Personalizing Product Recommendations at Walmart – with Dr. Charles Martin

Nicholas DeNittis

Nick DeNittis writes and edits AI industry trends and use-cases for Emerj's editorial and client content. Nick holds an MS in Management from Troy University and has earned several professional analytics certificates, including from the Wharton School.

Personalizing Product Recommendations 
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The en masse shift to online shopping that transpired during and post-COVID appears as if it’s destined to last. According to the Brookings Institute, one third of US adults have used delivery apps to order from a restaurant or store in the last year. 

In light of this growth, AI-enabled product recommendation engines naturally appeal to online/hybrid retailers. Product recommendation engines can increase cart value, enhance customer engagement, and generate repeat sales.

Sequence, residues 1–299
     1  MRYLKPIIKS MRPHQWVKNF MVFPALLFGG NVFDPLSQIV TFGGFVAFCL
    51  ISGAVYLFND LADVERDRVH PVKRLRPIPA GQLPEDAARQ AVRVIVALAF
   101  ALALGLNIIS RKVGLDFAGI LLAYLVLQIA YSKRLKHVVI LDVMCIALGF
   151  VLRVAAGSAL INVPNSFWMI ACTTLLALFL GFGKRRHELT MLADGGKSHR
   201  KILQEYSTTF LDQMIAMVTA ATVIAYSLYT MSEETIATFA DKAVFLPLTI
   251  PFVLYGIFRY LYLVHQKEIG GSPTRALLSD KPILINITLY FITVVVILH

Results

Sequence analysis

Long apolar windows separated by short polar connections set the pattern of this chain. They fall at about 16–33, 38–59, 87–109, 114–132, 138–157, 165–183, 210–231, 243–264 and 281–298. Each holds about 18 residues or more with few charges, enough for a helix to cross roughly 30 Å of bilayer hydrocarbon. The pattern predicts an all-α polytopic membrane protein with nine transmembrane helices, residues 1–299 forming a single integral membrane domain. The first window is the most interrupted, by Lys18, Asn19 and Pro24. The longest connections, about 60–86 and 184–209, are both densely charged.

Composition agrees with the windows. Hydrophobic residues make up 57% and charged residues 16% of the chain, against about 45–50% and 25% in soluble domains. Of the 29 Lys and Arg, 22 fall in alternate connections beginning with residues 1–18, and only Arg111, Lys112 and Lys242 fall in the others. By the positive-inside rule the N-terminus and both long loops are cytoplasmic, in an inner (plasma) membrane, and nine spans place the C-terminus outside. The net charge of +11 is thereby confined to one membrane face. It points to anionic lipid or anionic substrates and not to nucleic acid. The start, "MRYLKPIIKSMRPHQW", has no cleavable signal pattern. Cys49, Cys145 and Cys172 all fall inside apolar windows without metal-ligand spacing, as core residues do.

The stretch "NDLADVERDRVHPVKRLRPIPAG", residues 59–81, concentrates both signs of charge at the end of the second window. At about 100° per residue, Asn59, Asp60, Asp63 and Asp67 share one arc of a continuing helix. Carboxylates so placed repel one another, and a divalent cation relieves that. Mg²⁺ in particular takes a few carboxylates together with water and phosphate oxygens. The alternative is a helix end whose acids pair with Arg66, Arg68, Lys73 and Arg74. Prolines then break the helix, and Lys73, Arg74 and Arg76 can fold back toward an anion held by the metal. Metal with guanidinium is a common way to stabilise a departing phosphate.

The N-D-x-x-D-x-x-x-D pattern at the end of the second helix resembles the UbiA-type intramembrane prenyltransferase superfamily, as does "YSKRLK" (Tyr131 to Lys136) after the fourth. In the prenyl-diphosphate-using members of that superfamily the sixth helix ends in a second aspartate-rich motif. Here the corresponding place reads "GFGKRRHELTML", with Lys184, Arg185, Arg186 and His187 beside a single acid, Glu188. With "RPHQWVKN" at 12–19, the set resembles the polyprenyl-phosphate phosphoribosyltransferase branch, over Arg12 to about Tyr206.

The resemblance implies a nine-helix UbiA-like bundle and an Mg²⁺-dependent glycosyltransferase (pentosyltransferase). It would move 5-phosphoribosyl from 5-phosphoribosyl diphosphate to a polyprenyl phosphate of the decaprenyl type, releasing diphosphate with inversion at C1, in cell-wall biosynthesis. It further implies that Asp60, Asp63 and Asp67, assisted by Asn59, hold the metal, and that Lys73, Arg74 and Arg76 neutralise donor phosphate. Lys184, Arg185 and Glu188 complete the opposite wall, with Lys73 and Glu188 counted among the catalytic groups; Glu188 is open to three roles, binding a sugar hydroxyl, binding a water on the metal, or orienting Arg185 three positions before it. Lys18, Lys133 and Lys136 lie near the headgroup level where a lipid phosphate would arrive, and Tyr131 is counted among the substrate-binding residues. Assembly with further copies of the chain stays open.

As the largest retailer in the world by revenue, Walmart has a massive footprint in the online retail space and, by necessity, a significant interest in product recommendation systems. 

Emerj was fortunate to speak with someone who has worked with Walmart on a large-scale, related machine learning project. Dr. Charles Martin is a preeminent figure in the world of AI and machine learning. Charles is the founder of Calculation Consulting, an AI consultancy and software development firm based in Silicon Valley. 

Charles gave an insider’s perspective to Emerj CEO Daniel Faggella on the AI in Business podcast, focusing on what working on a complex technical project within such a large company takes to find success in two key areas:

  • What to look for in a project champion: Finding a knowledgeable, experienced domain expert that possesses the intangibles of a superior work ethic, trustworthiness, and reliability can be the key success factor in determining project success.